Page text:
Oh and burner angle/orientation stays the same? Thank you.

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Don't apologize, everybody has to learn the jargon, I'd be in the same shoes were I the new guy where you work. 

What you called runners we call outlets and the block they're cast in is the burner block. We've worked through a few terms before someone who actually uses commercial multiple outlet burners clued us in on terminology. He hasn't corrected "burner block" so I guess it's okay.

I don't so much "teach" as pass on what I learned when I can. I learn as much or more in the process. I'm just a guy with excellent reading comprehension and good memory for the written word. Just a guy on the internet who likes to talk. Relax and just talk. Okay?

I took your D shaped chamber to mean the shape of the cross section. Yes? We just need to be on the same page. Flattened oval gets used and I've about given up trying to get folks to use the architectural term, "vault." However if you do start butchering ladybugs shoot some video and post the Youtube link please. :rolleyes:

6"w x 10"l x 5" h should make a fine sized forge. They're nice proportions, close to what I use.  Rounding the corners where the floor meets walls is a good idea it'll help keep the vortex flowing smoothly. 

Yeah, what you missed is how much burning fuel air is pushed into the forge and how much it expands going from ambient temperature to near 3,000f. It doesn't stay in the chamber long on a good day. Pumping it in at high velocity pushes it through faster. Mikey articulated that little bit a while ago it was a real DOH moment for me. 

About the ribbon burner plans on Wayne's site. Those are by John Emerling, he published them in either the "Anvil's Ring" or "Hammer's Blow", the ABANA magazines. Those plans are what made me winkle out the NARB. The gun as designed requires a blower with a high static pressure to operate which means very high flame velocity.

Looking over the plans the FAM (Fuel Air Mix) inlet pipe is in line with the outlet holes so the flames directly in front  are much longer or just blow out. So John put a deflector in front of the FAM inlet to even the flow to all the outlets. Unfortunately I believe he put the deflector too close to the inlet so the design requires a blower with a pretty high static pressure to work. 

What I did at first was move the deflector half way across the plenum and make it larger. This meant the T inducer wasn't fighting against a small gap so it flowed more easily but the deflector prevented the flow from blowing straight onto the outlets in the center. It worked pretty darned well.

Then on the next test plenum I welded the inlet to the side so the flow wasn't directly down the outlets and left the deflector out entirely. BINGO! Stable flame stop to stop on my 0 - 20 lb. regulator. SWEET! The T burner doesn't like breezes or back pressure but hooked to the NARB it stopped caring.

I'm not trying to convince you to go Naturally Aspirated, I don't care. My point is you don't need such a restrictive deflector nor a high static pressure blower. A less restrictive deflector should lower the flame velocity significantly.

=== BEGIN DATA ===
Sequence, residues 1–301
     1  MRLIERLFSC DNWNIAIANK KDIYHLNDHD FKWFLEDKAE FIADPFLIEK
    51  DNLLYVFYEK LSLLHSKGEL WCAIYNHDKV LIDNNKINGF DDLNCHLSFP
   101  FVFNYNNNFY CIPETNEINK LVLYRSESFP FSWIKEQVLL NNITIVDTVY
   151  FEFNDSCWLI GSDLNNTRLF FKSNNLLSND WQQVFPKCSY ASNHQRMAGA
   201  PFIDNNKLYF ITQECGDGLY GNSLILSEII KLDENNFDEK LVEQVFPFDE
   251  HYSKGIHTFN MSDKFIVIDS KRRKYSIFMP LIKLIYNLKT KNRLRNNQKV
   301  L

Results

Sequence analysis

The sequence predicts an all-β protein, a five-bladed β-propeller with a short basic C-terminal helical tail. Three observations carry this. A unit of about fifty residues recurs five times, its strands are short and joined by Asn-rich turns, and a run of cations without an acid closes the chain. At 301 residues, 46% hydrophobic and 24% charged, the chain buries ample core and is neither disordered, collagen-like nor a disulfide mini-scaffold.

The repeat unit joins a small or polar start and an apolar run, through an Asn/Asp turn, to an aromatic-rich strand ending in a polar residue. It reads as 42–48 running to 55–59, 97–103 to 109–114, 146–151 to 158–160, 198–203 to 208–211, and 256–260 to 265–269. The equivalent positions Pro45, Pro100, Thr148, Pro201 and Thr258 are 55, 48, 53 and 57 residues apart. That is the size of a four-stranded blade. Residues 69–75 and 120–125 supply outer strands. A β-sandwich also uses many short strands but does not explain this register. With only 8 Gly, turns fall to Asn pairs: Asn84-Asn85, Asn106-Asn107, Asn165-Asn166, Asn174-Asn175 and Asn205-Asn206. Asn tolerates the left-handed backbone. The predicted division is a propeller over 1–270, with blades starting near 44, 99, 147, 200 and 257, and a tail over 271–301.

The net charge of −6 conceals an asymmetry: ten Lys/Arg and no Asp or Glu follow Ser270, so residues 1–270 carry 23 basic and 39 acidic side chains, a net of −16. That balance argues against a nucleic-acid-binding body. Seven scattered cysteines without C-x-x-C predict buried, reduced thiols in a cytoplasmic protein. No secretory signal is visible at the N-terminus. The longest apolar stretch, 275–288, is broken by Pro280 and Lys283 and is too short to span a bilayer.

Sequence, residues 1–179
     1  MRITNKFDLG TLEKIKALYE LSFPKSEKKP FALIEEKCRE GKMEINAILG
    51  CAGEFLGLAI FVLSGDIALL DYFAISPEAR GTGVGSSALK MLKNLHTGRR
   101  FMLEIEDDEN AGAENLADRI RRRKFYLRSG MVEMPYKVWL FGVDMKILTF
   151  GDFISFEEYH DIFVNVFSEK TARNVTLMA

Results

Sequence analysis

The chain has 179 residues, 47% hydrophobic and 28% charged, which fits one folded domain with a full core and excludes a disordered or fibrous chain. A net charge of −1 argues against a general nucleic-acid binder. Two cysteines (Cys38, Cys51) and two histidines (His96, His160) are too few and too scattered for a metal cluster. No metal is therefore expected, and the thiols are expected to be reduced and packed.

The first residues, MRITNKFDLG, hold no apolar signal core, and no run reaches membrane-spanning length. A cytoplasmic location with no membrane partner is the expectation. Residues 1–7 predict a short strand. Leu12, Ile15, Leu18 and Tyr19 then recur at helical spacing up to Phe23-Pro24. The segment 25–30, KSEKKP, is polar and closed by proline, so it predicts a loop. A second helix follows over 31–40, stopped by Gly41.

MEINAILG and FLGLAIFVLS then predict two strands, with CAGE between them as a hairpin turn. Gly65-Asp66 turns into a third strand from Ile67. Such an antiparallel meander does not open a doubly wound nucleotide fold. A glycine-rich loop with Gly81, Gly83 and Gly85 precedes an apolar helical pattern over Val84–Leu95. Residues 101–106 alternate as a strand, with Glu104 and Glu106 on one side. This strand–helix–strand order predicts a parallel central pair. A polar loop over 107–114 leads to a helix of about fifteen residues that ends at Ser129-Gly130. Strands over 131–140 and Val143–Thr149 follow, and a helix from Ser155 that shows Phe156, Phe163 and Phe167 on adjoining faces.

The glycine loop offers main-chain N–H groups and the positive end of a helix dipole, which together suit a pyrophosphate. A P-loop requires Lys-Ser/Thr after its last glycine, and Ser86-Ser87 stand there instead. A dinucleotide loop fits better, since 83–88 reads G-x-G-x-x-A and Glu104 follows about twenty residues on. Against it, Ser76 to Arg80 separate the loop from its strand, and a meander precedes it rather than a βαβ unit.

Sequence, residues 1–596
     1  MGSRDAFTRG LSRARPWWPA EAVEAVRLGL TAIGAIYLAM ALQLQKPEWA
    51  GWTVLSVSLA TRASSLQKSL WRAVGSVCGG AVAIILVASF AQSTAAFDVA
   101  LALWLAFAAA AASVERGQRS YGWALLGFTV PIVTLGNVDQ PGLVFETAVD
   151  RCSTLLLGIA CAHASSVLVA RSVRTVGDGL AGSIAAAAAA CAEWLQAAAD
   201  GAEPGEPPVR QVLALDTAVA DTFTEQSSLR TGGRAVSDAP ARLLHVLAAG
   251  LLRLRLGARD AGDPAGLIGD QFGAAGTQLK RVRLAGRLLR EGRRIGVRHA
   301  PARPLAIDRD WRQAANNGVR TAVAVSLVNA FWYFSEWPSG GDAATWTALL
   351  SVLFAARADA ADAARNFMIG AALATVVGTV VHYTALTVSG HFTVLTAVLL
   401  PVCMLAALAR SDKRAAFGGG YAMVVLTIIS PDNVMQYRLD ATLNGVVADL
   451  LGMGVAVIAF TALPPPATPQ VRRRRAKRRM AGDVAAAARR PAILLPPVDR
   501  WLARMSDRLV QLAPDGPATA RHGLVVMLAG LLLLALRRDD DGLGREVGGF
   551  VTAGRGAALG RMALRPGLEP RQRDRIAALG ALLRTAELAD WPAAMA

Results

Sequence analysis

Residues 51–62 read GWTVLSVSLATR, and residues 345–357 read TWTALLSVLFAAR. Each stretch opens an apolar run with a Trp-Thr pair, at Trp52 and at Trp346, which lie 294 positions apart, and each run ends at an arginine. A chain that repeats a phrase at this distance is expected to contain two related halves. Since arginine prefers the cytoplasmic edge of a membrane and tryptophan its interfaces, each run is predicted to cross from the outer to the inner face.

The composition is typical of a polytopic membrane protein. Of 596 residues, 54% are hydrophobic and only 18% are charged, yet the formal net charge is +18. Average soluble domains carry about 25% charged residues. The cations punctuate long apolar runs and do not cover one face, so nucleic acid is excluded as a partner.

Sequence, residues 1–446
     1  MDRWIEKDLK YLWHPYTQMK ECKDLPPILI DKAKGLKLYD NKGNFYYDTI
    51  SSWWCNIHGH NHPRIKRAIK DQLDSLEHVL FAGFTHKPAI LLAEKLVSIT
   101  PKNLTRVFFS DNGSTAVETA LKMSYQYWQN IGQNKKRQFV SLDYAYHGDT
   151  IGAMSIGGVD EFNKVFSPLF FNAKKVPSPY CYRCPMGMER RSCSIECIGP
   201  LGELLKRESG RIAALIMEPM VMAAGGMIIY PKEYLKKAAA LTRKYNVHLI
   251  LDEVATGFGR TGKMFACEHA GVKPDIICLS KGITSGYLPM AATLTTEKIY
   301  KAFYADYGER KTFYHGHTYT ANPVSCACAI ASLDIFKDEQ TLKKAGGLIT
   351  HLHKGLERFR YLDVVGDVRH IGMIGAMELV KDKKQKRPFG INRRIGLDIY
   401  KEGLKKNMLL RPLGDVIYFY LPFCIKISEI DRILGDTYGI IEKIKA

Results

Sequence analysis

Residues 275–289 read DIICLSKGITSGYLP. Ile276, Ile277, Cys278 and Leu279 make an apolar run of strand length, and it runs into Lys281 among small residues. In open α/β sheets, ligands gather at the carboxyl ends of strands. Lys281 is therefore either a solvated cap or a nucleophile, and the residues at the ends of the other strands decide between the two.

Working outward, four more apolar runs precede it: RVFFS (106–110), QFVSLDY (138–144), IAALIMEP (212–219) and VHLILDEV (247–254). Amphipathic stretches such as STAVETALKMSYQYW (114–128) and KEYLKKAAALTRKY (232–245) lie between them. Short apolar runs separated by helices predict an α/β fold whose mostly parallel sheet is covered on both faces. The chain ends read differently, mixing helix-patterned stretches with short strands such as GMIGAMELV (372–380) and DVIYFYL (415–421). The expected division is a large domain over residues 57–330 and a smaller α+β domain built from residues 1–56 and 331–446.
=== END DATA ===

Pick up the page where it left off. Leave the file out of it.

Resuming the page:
Oh, sorry for the side track. I think your proposed burner angle sounds good but we should get Mikey involved he has a better handle on burner angles than I.

Frosty The Lucky.

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Not really :)

Ribbon burners pretty much eliminate the need for care in flame positioning; still another advantage in choosing them over single flame burners. The only reason I haven't jumped down that rabbit hole is what I've been saying from the beginning: No one shoe fits all, and no one burner design is best all the time.

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Thank you for the replies. I will use a vault design with an 8in burner. I would like to copy your NARB design regarding the plenum's fuel/air inlet orientating from the side. If I need to include a baffle, it stands to reason that it could be much smaller using the NARB design.

My thoughts are a 2in by 2in by 8in plenum with a 2in thick refractory section protruding 1in out of the assembly. This would make the metal section 2in by 3in by 8in. I will probably keep the same location and angle as previously proposed because it sounds more fun to build than a 90° angle. Does this sound workable?

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I found a tank that I was happy with. I am getting it sectioned currently. Progress is a bit slow right now as I have many irons in the fire, but it's progress none the less.

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Another progress update - The door and exhaust guides are on, nuts to hold the ribbon burner are on, and the ribbon burner is cast. I let the burner sit in a bag for 24 hours, then in open atmosphere for five days. I cast it a little different. I cast the refractory a little long, made a guide setup on some dowels, preset the voids for the crayons with a tapered rod of less angle than the crayons, then set the crayons tapered end down. This worked fairly well, but when setting the burner plenum in, a couple of crayons settled a little lower than the rest. The crayons were tapered, and when the bottom 3/4 of an inch was cut off, the smaller holes were exposed. The crayons were then melted out. I am hoping to slightly increase the air fuel mix velocity exiting the outlets. If it works, I came up with a precise way to do it next time so that the outlets will be very uniform.

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11 minutes ago, MCalvert said:

Another progress update -

You are having almost too good a time building this aren't you? :)

Looking good I'm just waiting to see it all glowy yellow inside. 

Frosty The Lucky.

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Frosty I'm having a blast. I traded my hot rod gig in a few years ago for a police job, so this is my regular mental health recharge. Everybody needs an outlet.